Monday, December 10, 2012

$42.22: Not quite the meaning of life, but a number worth remembering


One of the more archaic features of the US monetary system is that the price of gold continues to be set at $42.22. Ever wondered why that is? This post will work through some monetary history to show why, unlike most countries, the US doesn't mark the gold price to the market price of $1750 or so. I'll give a quick hint. Marking the gold price to market wouldn't be a mere cosmetic change—rather, it would require the Federal Reserve to hand over hundreds of billions of free money to the President. Here's how it all works.

The Fed currently holds 261 million ounces of gold. At the archaic price of $42/oz, this stash is valued at a mere $11 billion. With modern day gold trading at $1750, the market value of 261 million oz is actually $457 billion. Doesn't that mean that the Fed would show a huge mark-to-market gain if gold were revalued?

No. If you read the fine print, the Fed doesn't actually own gold ounces. Rather, it owns gold certificates that have been issued to it by the Treasury. There is a long history behind this. At the end of 1933, the Fed owned some 195 million ounces comprised entirely of physical gold. Valued at the then official price of $20.67, this stash would have been worth around $4 billion. The Gold Reserve Act, passed on January 30, 1934, required the Fed to transfer all of this gold to the Treasury in return for $4 billion worth of gold certificates.

Here's the kicker. Unlike most gold certificates, the ones issued by the Treasury to the Fed were not payable in a fixed quantity of physical gold. Rather, a $10,000 gold certificates simply promised to pay to the bearer $10,000 worth of gold.

Let's trace what happened the very next day. On January 31, 1934 the official price of gold was increased by the authorities from $20.67 to $35 per ounce. The Fed's certificates, which the day before had provided a claim to $4 billion worth of gold held at the Treasury, still provided the same $4 billion claim. But with gold having been revalued, $4 billion worth of gold certificates was now the equivalent of a mere 115 million ounces, far less than the day before when these same certificates could lay claim to 195 million ounces.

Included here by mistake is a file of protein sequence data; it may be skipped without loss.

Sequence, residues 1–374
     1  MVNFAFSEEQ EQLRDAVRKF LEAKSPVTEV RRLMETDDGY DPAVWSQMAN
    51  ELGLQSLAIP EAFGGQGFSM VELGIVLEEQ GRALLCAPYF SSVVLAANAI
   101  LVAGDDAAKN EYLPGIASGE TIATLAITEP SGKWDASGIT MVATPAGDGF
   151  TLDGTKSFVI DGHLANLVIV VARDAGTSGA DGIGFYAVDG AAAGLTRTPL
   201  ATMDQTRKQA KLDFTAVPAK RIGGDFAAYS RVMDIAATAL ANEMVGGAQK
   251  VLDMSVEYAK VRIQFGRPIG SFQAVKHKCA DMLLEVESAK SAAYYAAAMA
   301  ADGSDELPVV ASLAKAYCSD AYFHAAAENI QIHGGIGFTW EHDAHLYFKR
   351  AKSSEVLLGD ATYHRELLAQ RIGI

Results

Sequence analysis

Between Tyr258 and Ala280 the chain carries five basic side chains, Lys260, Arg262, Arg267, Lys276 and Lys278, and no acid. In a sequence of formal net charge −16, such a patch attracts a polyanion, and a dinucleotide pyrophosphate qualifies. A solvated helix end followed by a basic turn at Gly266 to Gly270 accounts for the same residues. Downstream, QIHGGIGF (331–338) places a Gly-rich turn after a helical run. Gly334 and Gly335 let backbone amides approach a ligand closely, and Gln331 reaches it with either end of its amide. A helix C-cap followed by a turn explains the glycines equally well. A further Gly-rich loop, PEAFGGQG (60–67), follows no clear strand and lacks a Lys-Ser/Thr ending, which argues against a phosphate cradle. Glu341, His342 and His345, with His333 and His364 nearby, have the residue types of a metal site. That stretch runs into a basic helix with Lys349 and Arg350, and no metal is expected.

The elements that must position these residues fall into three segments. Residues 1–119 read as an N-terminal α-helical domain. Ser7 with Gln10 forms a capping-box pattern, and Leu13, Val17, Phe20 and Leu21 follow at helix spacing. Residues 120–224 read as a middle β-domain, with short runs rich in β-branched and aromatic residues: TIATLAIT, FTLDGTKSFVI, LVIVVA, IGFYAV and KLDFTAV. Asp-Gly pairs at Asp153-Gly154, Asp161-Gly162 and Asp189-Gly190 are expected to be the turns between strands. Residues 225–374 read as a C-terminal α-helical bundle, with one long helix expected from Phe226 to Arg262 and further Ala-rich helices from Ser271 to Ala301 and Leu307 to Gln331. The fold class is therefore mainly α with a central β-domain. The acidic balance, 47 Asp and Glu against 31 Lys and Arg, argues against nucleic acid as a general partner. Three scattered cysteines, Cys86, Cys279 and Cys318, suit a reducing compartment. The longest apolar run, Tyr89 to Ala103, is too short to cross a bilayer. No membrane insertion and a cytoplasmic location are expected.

So by tweaking the gold price, the Treasury had "transferred" itself some 80 million ounces (195m less 115m) from the Fed. Valued at $35/oz, this 80m oz amounted to $2.8 billion. Using its newly-acquired 80 million ounces as collateral, the Treasury printed up fresh gold certificates, brought these certificates to the Fed, and had the Fed issue it $2.8 billion in newly printed currency.

Back in 1934, $2.8 billion was a lot of money. The Treasury would go on to use these funds to create the Exchange Stabilization Fund (ESF), a reserve fund that the Treasury uses to this day to circumvent congressional oversight over spending.

Let's zoom forward in time. The US revalued gold from $35 to $38 in May 1972, and again in February 1973 to $42.22. This is the price which stands today.